Om, you wrote: “glenn from what i remember sputnik and all were selling their own routers and back ends to cafes’ etc. these guys are going to the very extreme or edge of the network, the users.” That was never their whole model, nor that of the other two companies. They had free, downloadable software that turned a PC with a card into a hotspot. This is simpler because it relies on commmodity gear.

All three firms were trying to build a grassroots network momentum. Sputnik’s particularly relied on people having free access to other locations if they were offering free service.

Fon is not going to work in even the remotest fashion. The amount of hype this guy is generating is hilarious: 1,000 downloads a week = 5% of a big hotspot network. Yeah, right, all 1,000 downloads are going to be active hotspots, and all 1,000 downloads happen in the exciting week of super-hype coverage.

First, there is zero advantage for free networks except that this provides centralized authentication (but not security in this release), which raises the bar without adding any improvement. The folks at Less Networks have offered such software for free (although requiring more expertise to install) for over a year.

Second, this is no better than a scattered community wireless networking (rather than a coordinated one) because there’s no effort to build out areas of usage.

Third, most people running Wi-Fi networks will only be able to offer service to a very small radius, if that, as most networks are run in places that require antennas to extend access beyond the building they’re operated in.

Fourth, the folks who want to charge for access will see almost no usage because only networks that have a compelling reason to charge can do so, or that are part of a network that aggregates usage with a single fee and a directory or with raoming across many networks.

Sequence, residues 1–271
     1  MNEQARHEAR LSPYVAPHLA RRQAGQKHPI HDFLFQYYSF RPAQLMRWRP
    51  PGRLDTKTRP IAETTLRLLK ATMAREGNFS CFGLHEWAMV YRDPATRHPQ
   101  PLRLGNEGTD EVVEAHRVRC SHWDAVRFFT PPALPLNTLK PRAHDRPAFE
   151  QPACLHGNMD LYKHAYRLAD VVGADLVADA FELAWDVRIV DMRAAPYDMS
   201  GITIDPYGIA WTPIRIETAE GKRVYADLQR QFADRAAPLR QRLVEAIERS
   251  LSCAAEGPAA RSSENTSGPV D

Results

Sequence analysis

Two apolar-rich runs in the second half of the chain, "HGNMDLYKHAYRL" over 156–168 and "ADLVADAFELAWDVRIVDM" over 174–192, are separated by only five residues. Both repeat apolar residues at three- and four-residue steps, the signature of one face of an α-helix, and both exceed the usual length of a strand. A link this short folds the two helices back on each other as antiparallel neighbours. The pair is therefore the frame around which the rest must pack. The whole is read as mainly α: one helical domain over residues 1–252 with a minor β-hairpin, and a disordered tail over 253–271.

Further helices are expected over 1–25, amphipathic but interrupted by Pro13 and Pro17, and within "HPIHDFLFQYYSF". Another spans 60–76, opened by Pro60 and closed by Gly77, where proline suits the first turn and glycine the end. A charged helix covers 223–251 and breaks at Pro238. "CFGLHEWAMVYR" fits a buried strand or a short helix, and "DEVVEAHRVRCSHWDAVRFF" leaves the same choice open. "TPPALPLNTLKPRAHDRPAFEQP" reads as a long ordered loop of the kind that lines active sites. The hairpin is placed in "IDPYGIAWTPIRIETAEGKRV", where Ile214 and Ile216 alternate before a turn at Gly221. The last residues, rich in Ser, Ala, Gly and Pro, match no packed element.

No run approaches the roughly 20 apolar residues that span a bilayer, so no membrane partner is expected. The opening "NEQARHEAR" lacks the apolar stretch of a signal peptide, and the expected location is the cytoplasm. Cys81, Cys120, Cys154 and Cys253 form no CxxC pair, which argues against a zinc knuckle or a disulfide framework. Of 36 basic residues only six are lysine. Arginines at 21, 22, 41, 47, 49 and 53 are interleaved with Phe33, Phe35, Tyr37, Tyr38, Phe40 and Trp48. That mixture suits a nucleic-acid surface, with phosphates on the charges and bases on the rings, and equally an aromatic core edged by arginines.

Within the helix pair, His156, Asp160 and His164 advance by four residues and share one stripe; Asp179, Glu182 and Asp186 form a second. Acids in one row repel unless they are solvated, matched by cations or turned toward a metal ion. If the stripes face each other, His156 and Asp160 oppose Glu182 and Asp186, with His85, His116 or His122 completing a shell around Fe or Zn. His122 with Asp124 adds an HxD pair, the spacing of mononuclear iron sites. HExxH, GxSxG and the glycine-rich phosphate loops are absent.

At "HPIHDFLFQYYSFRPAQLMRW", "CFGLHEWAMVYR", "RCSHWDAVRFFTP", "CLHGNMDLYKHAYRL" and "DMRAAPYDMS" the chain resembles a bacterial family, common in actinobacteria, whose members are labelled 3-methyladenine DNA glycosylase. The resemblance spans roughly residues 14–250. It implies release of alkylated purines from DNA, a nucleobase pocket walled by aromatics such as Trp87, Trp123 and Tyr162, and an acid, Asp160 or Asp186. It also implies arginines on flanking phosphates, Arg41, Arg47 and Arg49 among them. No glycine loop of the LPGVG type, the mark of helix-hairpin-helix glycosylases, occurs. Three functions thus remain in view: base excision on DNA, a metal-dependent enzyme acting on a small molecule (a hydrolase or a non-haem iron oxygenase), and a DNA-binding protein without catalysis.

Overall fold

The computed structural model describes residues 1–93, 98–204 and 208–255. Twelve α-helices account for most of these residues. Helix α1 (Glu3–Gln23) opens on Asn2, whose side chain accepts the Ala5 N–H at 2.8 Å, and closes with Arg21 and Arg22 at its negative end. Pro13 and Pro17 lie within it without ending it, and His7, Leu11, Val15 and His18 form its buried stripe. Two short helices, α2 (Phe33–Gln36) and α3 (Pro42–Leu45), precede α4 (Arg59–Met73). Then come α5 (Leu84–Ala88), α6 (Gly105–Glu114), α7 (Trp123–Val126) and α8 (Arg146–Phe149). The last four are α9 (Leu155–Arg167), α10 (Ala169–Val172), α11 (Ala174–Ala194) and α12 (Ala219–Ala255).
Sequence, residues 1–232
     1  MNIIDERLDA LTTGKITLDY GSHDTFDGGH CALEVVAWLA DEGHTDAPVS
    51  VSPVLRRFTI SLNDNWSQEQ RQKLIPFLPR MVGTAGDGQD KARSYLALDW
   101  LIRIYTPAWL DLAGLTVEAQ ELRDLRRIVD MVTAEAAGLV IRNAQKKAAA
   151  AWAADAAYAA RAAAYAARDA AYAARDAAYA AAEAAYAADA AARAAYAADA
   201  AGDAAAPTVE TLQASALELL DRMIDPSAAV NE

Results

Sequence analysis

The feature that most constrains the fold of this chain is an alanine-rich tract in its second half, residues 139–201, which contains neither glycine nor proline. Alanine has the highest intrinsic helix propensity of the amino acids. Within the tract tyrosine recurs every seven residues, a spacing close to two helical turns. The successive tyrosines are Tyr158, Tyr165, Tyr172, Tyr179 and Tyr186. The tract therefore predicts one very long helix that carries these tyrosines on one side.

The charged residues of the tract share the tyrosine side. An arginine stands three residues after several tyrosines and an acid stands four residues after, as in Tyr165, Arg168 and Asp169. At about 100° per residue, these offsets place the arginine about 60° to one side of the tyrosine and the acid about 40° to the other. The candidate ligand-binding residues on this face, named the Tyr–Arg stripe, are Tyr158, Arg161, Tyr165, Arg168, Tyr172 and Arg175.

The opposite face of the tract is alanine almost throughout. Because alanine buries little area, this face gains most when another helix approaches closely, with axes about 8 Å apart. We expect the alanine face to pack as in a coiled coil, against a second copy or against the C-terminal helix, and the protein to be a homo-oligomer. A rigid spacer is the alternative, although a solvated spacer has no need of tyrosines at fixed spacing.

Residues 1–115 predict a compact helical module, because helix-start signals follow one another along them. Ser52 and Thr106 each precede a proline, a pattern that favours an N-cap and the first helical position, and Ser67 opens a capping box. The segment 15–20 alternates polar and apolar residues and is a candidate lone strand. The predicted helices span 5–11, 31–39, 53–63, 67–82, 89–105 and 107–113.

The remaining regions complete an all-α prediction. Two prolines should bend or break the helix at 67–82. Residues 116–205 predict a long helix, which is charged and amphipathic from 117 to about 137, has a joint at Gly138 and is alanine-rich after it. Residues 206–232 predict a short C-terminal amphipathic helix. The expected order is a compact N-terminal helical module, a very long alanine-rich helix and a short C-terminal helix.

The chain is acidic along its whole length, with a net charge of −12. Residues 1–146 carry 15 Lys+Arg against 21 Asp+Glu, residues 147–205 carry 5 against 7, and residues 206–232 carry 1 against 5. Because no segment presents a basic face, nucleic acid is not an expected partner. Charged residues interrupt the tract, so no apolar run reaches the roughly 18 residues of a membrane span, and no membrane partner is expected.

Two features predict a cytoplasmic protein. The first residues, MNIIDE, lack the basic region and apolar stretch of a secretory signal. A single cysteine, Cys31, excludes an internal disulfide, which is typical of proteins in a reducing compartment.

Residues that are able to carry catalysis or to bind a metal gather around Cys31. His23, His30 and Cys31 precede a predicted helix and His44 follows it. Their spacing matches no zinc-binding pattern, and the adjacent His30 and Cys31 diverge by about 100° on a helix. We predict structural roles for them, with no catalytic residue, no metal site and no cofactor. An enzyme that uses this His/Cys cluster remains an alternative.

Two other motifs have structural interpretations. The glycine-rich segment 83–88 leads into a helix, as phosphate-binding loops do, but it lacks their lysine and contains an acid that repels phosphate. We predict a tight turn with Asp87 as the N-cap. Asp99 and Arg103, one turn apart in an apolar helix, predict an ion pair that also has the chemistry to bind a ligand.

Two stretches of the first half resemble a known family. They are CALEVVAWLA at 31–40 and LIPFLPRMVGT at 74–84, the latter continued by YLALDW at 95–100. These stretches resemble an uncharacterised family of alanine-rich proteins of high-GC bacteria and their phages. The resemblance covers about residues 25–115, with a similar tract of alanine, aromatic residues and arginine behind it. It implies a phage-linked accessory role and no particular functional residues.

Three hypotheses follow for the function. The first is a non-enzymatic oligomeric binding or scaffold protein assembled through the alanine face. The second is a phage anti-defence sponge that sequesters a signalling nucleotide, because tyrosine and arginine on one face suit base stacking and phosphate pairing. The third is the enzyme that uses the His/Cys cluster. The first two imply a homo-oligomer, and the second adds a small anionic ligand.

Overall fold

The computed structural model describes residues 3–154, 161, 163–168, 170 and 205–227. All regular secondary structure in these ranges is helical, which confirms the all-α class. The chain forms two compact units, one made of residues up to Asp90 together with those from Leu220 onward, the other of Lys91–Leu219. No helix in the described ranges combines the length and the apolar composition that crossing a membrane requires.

Fifth, it’s been tried before and failed during a time when there was much more newness and excitement.

The only way this kind of idea works if that if a manufacturer offers it as a built-in option that can be turned on. The critical mass to make this go is the same critical mass required to make community networking a large-scale success. The same kinds of people who have been involved in community wireless would be the folks who would install this software and gear.

And, by the way, this software violates the terms of service of virtually all major and minor U.S. service providers except Speakeasy.

Mike Masnick

Heh. Figured out which day Om skipped Techdirt. ;)

We wrote about this a few weeks ago:

http://www.techdirt.com/articles/20051114/0140219_F.shtml

I didn’t get it then, and I still don’t. None of these attempts to try to build a wider network of WiFi hotspots based on individuals donating their’s seems to get anywhere.

And, honestly, with this kooky Linus/Bill thing: who’s actually going to pay? You sign up as a Linus, you don’t have to pay. However, most users expect WiFi to be free these days, and won’t ever pay for it — especially at the prices FON is talking about. Won’t everyone just sign up as a Linus to avoid paying? Even those who sign up as a Bill will just set up a separate Linus account.

Harrold

Are you guys writing off Sputnik? Do they still have a future? Their web site indicates that they still make their own access points.

Om Malik

brad it is hard to say if its like stoke. stoke is a start-up that is trying to bridge cellphone/wifi. basically hand over the cell calls to a wifi network and that sort of stuff, and these guys are doing something totally different.

Brad

Hmm…sounds much like the guys over at Stoke.com. A little known KP/Sequoia startup that just came out of stealth. Thoughts?

Om Malik

glenn from what i remember sputnik and all were selling their own routers and back ends to cafes’ etc. these guys are going to the very extreme or edge of the network, the users. i am not sure if it will fly or not, but the idea clearly has potential, given the proliferation of the wifi. The stats show that the time for an idea like this is now.

What do you think? clearly, you have more expertise in the wifi space.

Glenn Fleishman

Om, don’t you remember a few years ago when three companies appeared almost at the same time offering an awfully similar model: Sputnik, SOHOWireless, and Joltage? Sputnik switched to aggregation management, SOHOWireless to a particular hardware market, and Joltage shut down and sold its assets.